This Thai company makes food packaging out of bamboo to cut down on trash

This zero-waste packaging is made from bamboo

To solve the problem of assembling trash in Thailand, one company is turning to the country’s plant life.

Universal Biopack produces packaging to sell to restaurants and manufacturers. But instead of plastic, it uses a mixture of bamboo and cassava, crops found widely across the country.

After rapid development in recent decades, Thailand has become one of the largest economies in Asia. But like many other countries in the region, trying to combat the millions of tons of waste generated each year has been slow.

Universal Biopack CEO Vara-Anong Vichakyothin said: “Waste management is a big problem everywhere.

Related: The company turns 4 billion plastic bottles into clothes

The company is using a technology invented by a university in Bangkok to produce zero-waste packaging. It hopes that it will eventually replace the many foam boxes and plastic bags that end up in huge landfills across Thailand and other Southeast Asian countries.

Its eco-friendly formula took five years to develop and is so adaptable that it can be used to pack things like furniture and even phones. The bamboo it uses is from scraps left over from the making of chopsticks.

UB Package 3

In the cities of Bangkok and Chiang Mai, where boxes of takeaway drinks and packets of noodles are scattered on the sidewalks, the company supplies restaurants, organic farmers and other businesses in the food and beverage industry. to drink.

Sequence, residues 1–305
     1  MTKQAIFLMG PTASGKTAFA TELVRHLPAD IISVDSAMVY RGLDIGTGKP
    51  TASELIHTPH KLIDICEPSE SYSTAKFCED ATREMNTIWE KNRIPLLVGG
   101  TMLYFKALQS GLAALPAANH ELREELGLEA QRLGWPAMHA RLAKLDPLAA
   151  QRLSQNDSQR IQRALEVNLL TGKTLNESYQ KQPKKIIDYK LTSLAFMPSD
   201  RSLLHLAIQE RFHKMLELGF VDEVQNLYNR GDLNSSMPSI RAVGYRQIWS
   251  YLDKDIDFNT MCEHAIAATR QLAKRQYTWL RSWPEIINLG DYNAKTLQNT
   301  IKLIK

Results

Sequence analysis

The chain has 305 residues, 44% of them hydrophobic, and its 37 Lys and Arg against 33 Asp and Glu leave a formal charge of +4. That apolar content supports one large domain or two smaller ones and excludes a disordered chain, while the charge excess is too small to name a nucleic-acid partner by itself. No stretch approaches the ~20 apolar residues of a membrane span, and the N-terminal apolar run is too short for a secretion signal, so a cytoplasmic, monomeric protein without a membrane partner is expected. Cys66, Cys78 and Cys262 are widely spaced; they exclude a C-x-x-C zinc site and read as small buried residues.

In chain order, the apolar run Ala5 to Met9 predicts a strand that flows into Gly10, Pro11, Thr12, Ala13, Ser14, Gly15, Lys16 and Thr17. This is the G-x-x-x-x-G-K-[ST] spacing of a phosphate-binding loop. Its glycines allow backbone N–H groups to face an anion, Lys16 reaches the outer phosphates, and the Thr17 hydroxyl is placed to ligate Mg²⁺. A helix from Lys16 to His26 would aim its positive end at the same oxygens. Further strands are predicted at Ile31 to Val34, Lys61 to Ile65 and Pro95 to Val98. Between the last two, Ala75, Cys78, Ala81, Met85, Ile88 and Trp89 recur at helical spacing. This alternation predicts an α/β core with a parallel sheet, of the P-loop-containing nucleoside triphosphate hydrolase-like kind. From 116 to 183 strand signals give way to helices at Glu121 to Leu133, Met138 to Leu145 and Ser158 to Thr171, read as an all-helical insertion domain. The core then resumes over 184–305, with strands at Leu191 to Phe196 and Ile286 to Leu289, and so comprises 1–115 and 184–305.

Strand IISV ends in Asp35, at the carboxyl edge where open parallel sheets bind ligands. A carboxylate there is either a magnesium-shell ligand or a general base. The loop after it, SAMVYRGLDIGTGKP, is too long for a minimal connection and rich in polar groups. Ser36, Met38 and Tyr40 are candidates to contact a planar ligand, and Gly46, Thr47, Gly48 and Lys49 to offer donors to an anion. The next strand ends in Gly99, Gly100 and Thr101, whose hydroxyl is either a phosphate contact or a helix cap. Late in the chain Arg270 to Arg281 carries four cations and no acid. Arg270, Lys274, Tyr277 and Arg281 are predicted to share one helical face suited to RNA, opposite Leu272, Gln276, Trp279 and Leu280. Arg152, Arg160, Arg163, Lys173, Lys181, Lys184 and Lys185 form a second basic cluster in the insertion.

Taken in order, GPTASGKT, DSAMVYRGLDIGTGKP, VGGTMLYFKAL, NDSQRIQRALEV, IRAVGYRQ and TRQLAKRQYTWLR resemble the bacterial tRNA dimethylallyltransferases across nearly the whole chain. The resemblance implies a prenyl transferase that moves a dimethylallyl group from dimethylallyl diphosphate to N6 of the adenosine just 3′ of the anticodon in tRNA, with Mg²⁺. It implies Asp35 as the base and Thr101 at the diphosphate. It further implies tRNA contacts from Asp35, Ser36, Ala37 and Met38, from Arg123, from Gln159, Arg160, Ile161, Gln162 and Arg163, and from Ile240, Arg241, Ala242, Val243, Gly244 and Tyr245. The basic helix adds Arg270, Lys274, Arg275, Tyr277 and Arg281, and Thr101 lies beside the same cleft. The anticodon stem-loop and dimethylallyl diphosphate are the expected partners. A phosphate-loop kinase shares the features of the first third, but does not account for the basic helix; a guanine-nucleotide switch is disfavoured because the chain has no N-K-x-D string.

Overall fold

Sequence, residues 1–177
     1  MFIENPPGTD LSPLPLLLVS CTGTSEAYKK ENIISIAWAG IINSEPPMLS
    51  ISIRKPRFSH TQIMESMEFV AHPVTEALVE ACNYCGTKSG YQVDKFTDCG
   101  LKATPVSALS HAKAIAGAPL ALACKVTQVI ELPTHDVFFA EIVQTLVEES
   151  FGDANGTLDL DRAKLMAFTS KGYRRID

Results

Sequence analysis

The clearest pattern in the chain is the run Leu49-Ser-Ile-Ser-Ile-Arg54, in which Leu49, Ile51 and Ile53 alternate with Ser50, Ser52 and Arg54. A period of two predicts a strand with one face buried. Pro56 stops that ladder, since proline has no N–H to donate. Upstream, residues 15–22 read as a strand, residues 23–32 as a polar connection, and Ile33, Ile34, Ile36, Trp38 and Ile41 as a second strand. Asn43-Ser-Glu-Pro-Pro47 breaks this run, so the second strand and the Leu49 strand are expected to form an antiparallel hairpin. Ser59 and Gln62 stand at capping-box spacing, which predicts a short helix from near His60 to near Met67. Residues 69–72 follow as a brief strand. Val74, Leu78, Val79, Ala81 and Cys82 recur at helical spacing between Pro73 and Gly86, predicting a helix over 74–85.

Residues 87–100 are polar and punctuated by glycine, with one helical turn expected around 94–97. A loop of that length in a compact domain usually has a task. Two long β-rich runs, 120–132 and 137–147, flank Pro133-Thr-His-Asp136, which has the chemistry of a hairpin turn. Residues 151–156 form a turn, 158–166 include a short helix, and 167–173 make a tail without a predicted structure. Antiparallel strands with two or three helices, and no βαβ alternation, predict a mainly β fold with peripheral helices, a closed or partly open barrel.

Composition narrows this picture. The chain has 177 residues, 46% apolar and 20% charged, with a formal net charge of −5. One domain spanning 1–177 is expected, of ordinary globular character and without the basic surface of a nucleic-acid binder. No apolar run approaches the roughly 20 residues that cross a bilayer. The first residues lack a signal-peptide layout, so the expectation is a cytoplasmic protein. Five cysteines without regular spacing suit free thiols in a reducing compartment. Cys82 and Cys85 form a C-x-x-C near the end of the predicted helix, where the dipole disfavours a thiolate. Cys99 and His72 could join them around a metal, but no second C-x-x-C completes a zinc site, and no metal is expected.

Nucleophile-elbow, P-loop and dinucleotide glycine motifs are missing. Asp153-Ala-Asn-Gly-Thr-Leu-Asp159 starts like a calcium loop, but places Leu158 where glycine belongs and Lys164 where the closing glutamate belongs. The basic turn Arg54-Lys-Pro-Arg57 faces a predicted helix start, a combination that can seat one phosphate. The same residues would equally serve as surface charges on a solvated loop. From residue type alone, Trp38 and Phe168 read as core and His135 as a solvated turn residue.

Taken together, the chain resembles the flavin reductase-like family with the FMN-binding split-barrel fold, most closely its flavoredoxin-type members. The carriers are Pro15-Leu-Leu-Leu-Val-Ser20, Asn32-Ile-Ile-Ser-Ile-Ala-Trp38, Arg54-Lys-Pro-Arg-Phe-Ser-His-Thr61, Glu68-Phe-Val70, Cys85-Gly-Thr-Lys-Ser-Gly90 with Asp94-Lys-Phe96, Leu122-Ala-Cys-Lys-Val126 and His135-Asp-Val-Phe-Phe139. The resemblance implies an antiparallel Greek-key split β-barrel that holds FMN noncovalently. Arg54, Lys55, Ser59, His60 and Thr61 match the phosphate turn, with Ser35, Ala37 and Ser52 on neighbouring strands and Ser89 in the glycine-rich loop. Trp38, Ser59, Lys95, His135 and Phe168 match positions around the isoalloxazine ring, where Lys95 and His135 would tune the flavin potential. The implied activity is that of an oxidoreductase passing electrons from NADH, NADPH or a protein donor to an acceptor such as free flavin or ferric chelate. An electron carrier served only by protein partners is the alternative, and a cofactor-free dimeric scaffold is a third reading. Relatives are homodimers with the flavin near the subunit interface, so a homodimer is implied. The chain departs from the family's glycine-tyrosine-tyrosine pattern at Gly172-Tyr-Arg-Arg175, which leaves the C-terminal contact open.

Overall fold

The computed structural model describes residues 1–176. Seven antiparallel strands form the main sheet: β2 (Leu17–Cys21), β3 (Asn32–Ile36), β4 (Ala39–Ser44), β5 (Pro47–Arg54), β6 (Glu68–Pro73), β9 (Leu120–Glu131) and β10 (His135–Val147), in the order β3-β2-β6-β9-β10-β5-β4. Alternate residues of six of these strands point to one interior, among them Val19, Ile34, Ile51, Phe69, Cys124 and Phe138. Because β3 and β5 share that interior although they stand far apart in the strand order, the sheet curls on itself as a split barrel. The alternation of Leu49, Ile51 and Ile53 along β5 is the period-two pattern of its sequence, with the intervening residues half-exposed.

But finding new customers can be difficult.

Takeaway food suppliers in Thailand want to keep costs down in a competitive business with low margins. Asking them to spend more on packaging for environmental reasons is a tough sell.

“The local economy remains unsupportive [this technology]”Universal Biopack founder, Suthep Vichakyothin said.

UB Package 2

But that doesn’t stop other companies from entering the sustainable packaging market in Thailand. Like Universal Biopack, they are betting on increasing environmental awareness, which ultimately leads to an increase in demand.

To become more competitive, Suthep’s company is investing. They aim to ramp up production by building a partially automated assembly line at a factory near Bangkok and doubling staffing from 50 to 100.

The goal is to increase the monthly capacity from 300,000 units to one million units.

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A lot of demand comes from abroad. One of their customers uses natural packaging for the coconut water they export.

Universal Biopack says it is also receiving interest in its products from other countries, particularly in Scandinavia.

CNNMoney (Hong Kong) First published February 12, 2017: 9:08 PM ET This Thai company makes food packaging out of bamboo to cut down on trash

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